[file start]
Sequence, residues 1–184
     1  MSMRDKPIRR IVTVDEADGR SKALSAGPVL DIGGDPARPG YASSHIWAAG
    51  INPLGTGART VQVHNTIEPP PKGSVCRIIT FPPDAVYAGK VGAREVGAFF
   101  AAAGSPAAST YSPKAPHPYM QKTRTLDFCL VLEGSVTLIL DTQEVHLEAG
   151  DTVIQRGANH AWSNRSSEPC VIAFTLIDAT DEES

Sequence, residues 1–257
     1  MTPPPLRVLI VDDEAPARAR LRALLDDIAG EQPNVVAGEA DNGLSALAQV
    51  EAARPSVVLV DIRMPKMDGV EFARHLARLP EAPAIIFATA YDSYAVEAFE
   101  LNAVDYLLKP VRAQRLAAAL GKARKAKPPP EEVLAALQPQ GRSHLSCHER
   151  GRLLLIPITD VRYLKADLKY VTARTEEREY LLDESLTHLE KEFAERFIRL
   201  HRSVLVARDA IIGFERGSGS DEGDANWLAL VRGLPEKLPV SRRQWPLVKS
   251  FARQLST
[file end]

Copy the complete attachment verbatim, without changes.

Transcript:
Sequence, residues 1–184
     1  MSMRDKPIRR IVTVDEADGR SKALSAGPVL DIGGDPARPG YASSHIWAAG
    51  INPLGTGART VQVHNTIEPP PKGSVCRIIT FPPDAVYAGK VGAREVGAFF
   101  AAAGSPAAST YSPKAPHPYM QKTRTLDFCL VLEGSVTLIL DTQEVHLEAG
   151  DTVIQRGANH AWSNRSSEPC VIAFTLIDAT DEES

Sequence, residues 1–257
     1  MTPPPLRVLI VDDEAPARAR LRALLDDIAG EQPNVVAGEA DNGLSALAQV
    51  EAARPSVVLV DIRMPKMDGV EFARHLARLP EAPAIIFATA YDSYAVEAFE
   101  LNAVDYLLKP VRAQRLAAAL GKARKAKPPP EEVLAALQPQ GRSHLSCHER
   151  GRLLLIPITD VRYLKADLKY VTARTEEREY LLDESLTHLE KEFAERFIRL
   201  HRSVLVARDA IIGFERGSGS DEGDANWLAL VRGLPEKLPV SRRQWPLVKS
   251  FARQLST